Wolf, O., Ed. (2005). Techno-economic Feasibility of Large scale Production of Bio-based Polymers in Europe.

Lifestyle Magic: Unblocking your sink
The other day, I was confronted by a non-draining bathroom sink. I googled it up and read that spooning down a bit of baking soda followed by apple cider vinegar, does wonders. And it does. You don't even need a spoon. I poured baking soda down, followed by the vinegar and enjoyed the frothing reaction. After several pours, the sink drained beautifully, not an ugly chemical in sight.

Tip about baking soda shampoo from last post. I found that my hair does best on 1.5 tablespoons of backing soda to 2 cups of water. Less or more gives a less glossy result. Your hair could be different! 

Sunday, January 6, 2013

Microbial degradation of plastics

Title figure: Mark W. Slater (Natural Line Studio)

My first post covered general topics of the capabilities of micro-organisms with regard to the manufacture and destruction of plastics. Now for the beginning of the slightly more nitty gritty. I'll start off with what plastics are, followed by what makes them amendable (or not) to bio-degradation. Lastly we'll see if the technology is at a stage where it can be used on an industrial scale.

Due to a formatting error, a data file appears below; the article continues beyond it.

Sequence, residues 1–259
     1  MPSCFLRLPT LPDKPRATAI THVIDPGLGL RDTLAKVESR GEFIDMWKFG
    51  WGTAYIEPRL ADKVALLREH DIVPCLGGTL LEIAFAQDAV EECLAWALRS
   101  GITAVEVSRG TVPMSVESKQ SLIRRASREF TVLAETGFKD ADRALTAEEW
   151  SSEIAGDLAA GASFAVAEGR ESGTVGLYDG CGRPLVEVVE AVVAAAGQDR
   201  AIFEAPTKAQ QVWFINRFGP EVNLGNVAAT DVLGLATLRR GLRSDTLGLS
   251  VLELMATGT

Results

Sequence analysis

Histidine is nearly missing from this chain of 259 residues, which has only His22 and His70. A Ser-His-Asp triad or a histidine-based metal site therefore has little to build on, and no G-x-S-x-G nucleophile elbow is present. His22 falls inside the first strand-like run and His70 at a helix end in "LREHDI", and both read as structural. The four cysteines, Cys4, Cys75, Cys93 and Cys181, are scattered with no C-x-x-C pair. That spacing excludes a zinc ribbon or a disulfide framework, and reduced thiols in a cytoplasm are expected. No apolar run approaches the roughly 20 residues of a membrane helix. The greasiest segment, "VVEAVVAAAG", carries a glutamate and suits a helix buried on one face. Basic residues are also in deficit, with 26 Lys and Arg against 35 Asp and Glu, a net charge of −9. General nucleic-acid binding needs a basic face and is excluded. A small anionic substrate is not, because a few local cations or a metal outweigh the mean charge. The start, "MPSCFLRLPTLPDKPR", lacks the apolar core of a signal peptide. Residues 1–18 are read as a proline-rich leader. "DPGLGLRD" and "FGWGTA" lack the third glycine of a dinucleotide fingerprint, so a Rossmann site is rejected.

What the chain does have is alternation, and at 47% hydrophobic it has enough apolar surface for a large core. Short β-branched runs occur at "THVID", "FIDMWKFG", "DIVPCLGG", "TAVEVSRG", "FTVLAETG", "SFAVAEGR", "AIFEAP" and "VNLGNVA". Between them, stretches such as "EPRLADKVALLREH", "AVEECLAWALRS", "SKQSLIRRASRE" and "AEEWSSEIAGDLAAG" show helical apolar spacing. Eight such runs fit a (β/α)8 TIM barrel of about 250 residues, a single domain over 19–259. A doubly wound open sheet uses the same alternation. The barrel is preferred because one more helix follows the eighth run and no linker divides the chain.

What are plastics:
Figure 1A. Ethylene 
large ball - carbon atoms
small balls - hydrogen atoms
Figure 1B: Polyethylene
hydrogen atoms not shown
Figure 2: low density polyethylene (LDPE)
hydrogen atoms not shown
Plastic forms such a daily part of our lives –  packaging, toys, electronics, furniture, clothing (fleece, waterproof clothing), shoes, building materials; the list is endless. And when you think of the different forms plastic takes, the diversity is mind boggling; thin and foldable, thick and rigid, filled with air,  thread like, crinkly, fun to stamp on (i.e. bubble wrap) etc.